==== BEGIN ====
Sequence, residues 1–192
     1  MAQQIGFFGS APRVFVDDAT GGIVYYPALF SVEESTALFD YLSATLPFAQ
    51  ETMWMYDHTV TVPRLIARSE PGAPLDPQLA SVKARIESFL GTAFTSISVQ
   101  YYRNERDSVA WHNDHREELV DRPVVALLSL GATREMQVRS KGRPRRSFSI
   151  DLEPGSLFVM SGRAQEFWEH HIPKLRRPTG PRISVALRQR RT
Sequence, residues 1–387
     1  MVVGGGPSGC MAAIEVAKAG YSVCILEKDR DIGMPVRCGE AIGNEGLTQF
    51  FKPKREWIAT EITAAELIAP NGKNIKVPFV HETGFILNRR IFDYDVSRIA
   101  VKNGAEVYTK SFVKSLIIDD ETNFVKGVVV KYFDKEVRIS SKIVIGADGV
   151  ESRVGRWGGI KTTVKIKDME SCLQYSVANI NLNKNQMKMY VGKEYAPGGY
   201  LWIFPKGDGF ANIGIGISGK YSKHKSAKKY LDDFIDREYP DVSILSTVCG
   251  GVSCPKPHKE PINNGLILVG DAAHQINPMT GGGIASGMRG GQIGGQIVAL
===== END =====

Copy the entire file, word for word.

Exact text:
Sequence, residues 1–192
     1  MAQQIGFFGS APRVFVDDAT GGIVYYPALF SVEESTALFD YLSATLPFAQ
    51  ETMWMYDHTV TVPRLIARSE PGAPLDPQLA SVKARIESFL GTAFTSISVQ
   101  YYRNERDSVA WHNDHREELV DRPVVALLSL GATREMQVRS KGRPRRSFSI
   151  DLEPGSLFVM SGRAQEFWEH HIPKLRRPTG PRISVALRQR RT
Sequence, residues 1–387
     1  MVVGGGPSGC MAAIEVAKAG YSVCILEKDR DIGMPVRCGE AIGNEGLTQF
    51  FKPKREWIAT EITAAELIAP NGKNIKVPFV HETGFILNRR IFDYDVSRIA
   101  VKNGAEVYTK SFVKSLIIDD ETNFVKGVVV KYFDKEVRIS SKIVIGADGV
   151  ESRVGRWGGI KTTVKIKDME SCLQYSVANI NLNKNQMKMY VGKEYAPGGY
   201  LWIFPKGDGF ANIGIGISGK YSKHKSAKKY LDDFIDREYP DVSILSTVCG
   251  GVSCPKPHKE PINNGLILVG DAAHQINPMT GGGIASGMRG GQIGGQIVAL